Lyric resource: Sound technologies and lyric criticality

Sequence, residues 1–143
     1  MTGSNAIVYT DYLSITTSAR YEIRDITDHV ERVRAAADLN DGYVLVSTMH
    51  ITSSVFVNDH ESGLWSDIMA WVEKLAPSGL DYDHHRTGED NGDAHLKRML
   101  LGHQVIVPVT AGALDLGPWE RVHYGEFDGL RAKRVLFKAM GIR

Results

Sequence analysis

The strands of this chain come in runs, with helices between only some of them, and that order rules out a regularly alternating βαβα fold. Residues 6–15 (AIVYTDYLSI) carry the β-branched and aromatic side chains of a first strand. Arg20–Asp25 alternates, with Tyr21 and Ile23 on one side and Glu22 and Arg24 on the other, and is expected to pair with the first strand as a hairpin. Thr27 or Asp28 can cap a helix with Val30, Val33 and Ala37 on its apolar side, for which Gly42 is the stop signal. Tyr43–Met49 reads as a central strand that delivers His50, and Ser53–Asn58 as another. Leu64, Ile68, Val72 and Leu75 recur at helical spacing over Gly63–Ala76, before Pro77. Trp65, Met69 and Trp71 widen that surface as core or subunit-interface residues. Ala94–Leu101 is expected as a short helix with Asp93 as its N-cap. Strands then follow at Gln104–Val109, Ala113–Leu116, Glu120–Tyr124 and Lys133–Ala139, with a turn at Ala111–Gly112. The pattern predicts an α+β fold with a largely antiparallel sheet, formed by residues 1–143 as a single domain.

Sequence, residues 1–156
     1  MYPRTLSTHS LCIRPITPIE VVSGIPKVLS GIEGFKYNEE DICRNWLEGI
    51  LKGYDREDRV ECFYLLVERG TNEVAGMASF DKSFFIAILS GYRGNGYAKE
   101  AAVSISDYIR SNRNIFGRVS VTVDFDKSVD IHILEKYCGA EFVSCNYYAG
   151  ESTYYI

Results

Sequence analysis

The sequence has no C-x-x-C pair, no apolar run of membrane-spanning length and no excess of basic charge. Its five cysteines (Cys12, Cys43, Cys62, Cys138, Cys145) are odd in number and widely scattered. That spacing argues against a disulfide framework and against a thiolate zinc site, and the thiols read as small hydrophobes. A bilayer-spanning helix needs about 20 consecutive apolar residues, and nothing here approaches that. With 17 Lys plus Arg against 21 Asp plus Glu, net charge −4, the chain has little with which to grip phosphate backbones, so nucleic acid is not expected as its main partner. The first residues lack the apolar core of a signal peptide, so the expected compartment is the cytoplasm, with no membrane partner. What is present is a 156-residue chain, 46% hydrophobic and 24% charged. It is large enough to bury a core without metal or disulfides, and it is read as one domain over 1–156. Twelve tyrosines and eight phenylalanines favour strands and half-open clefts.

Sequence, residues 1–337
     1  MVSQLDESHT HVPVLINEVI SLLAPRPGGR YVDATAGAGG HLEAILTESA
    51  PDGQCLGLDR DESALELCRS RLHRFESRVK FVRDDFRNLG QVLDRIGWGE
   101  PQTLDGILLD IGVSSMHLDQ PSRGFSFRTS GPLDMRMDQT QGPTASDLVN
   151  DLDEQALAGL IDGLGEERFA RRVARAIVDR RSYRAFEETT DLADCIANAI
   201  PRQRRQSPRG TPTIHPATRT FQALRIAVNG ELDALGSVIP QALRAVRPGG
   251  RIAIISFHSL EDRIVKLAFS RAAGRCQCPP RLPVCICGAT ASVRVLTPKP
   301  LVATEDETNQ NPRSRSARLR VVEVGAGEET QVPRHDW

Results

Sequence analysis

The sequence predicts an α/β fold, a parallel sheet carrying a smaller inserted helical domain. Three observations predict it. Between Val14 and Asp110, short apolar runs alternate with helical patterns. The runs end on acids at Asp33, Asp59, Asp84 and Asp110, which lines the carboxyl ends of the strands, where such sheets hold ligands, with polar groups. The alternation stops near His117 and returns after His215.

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This dissertation analyzes recordings and performances of poetry in the postwar period as occasions in which poets engage with the long history and tradition of lyric poetry while revising lyric practice in response to emerging sound technologies. I suggest that the generic profile of "lyric" has been loosened since romanticism, and that lyric in the latter half of the twentieth-century should be considered not as the dramatic performance of interiority, privacy, or social nonengagement, but rather as the intersection of various media vectors and surfaces that constitute the twentieth- and twenty-first century subjective experience. "Lyric Resource" investigates the ways in which technologies of sound recording and transmission bear upon lyric practice. Technologies such as radio, tape, recording studio, record, compact disc, and podcast mean that not only does intertextuality look and sound different in the postwar period, but also that the features of lyric such as apostrophe and ahistoricality function differently in the recorded and distributed lyric poem. This dissertation also considers the ways in which lyric poets critically deploy the cross-cutting unruliness of actual sound in their own social, cultural, and political projects. Beginning with Larry Eigner's engagements with the radio and tape recorder in his work of the 1950s and 1960s, and his recognition of sound's capacity to register bodily particularity, this dissertation goes on to examine the contingent communities evoked in Jayne Cortez's 1970s and 80s-era live and studio recordings with her multi-instrumental jazz and blues ensemble, and Kamau Brathwaite's interactions with the mediated Caribbean soundscape from radio in the 1950s to podcasts in the post-9/11 twenty-first century. The works discussed here all engage with a relatively stable trans-Atlantic lyric tradition as they simultaneously demonstrate the ways in which historically situated sound achieves a critical if heretofore unheard force in relation to late twentieth and early twenty-first century lyric discourse. I examine lyric in an era of hypertrophied technological reproduction; not a lyric that turns from, subverts, or attempts to insulate itself from these technologies, but a lyric that makes use of and responds to proliferating modes of distribution.